Small Asteroid Flew Safely Past Earth Today
Jet Propulsion Laboratory
September 7, 2016

Animated gif of asteroid 2016 RB1's close approach to Earth This animated 
gif of asteroid 2016 RB1's close approach to Earth was imaged by astronomer 
Gianluca Masi on the evening of Sept. 6, 2016, using the Virtual Telescope 
located in Ceccano, Central Italy. Image credit: VT/Masi

A small asteroid designated 2016 RB1 safely flew past Earth today at 10:20 
a.m. PDT (1:20 p.m. EDT / 17:20 UTC) at a distance of about 25,000 miles 
(40,000 kilometers, or just less than 1/10th the distance of Earth to 
the moon). Because the asteroid's orbit carried it below (or over) Earth's 
south pole, it did not pass within the orbits of communication or weather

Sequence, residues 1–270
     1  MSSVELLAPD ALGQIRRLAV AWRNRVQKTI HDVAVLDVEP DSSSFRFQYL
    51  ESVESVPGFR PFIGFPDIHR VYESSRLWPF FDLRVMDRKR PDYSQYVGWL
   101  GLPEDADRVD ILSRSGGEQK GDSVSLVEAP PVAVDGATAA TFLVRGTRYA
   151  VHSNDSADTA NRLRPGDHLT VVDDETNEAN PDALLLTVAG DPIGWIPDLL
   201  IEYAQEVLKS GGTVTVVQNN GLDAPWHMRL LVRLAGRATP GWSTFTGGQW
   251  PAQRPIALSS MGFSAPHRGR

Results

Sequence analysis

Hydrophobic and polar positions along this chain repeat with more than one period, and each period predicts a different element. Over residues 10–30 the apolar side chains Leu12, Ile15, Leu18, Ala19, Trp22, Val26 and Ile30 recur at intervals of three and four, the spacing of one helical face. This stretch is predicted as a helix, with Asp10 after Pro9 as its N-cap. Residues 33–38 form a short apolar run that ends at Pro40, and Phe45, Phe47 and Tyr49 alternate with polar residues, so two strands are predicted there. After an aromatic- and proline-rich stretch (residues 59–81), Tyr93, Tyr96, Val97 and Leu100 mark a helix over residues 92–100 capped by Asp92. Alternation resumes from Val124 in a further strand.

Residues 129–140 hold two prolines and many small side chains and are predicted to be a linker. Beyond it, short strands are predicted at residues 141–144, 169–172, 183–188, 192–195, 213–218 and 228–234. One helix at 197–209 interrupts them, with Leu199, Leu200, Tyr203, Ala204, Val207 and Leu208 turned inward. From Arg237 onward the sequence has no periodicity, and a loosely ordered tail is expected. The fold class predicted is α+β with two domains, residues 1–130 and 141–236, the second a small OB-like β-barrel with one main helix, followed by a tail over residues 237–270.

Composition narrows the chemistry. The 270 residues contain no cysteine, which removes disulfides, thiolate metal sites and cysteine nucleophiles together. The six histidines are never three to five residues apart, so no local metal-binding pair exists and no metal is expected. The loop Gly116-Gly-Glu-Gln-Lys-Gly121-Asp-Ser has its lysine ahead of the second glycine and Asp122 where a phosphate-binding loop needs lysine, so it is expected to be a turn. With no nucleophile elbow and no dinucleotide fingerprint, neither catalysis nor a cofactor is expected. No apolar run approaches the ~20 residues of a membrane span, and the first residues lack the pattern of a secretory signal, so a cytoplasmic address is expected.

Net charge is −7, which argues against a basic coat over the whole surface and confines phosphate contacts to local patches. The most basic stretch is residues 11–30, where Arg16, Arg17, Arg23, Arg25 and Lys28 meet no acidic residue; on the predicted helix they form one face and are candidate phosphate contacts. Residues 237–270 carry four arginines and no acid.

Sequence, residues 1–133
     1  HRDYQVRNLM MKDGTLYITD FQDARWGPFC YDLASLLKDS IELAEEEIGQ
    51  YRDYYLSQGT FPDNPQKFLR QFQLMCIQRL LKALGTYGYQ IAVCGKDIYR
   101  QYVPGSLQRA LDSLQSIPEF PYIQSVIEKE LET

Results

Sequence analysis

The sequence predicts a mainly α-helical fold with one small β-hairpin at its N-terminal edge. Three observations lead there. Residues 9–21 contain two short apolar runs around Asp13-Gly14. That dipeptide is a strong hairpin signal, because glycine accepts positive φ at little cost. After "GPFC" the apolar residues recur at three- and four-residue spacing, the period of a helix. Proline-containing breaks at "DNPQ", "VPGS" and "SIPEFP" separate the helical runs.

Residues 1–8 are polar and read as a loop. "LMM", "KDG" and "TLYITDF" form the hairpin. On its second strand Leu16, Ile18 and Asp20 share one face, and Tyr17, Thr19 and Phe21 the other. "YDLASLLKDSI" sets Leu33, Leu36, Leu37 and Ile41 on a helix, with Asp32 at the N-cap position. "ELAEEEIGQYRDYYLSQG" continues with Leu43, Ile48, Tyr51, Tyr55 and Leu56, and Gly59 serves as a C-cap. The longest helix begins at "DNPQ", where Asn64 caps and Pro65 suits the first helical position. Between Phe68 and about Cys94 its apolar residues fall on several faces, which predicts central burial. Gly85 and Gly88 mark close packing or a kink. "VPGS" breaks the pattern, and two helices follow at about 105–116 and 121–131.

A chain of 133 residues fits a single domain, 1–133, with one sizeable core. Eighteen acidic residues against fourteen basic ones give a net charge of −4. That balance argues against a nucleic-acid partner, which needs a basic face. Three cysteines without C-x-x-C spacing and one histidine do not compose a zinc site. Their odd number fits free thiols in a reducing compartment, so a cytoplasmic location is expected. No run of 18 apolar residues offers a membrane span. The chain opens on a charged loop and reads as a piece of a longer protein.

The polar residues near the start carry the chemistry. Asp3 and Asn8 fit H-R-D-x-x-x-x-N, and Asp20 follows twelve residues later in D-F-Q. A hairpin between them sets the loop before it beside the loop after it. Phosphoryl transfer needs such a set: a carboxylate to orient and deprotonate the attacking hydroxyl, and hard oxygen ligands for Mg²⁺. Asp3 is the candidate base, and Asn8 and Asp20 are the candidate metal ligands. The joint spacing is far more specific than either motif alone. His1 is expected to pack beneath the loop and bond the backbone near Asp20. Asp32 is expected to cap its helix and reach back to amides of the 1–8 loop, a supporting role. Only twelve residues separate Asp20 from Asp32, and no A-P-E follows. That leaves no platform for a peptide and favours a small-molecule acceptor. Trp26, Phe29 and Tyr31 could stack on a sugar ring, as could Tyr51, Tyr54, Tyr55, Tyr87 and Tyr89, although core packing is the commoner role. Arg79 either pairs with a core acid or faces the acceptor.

satellites. 2016 RB1 is estimated to be between 25 to 50 feet (7 and 16 
meters) in diameter. It is the closest the space rock will come to Earth 
for at least the next half century.

Asteroid 2016 RB1 was discovered on Sept. 5, 2016, by astronomers using 
the 60-inch Cassegrain reflector telescope of the Catalina Sky Survey, 
located at the summit of Mount Lemmon in the Catalina Mountains north 
of Tucson, Arizona -- a project of NASA'S NEO Observations Program in 
collaboration with the University of Arizona.

The Center for NEO Studies website has a complete list of recent and upcoming 
close approaches, as well as all other data on the orbits of known NEOs 
(near-Earth objects), so scientists and members of the media and public 
can track information on known objects.

For asteroid news and updates, follow AsteroidWatch on Twitter:

News Media Contact
DC Agle
Jet Propulsion Laboratory, Pasadena, Calif.

Dwayne Brown / Laurie Cantillo
NASA Headquarters, Washington
202-358-1726 / 202-358-1077 /



Visit our Facebook page and the 
Archives at
Meteorite-list mailing list

Reply via email to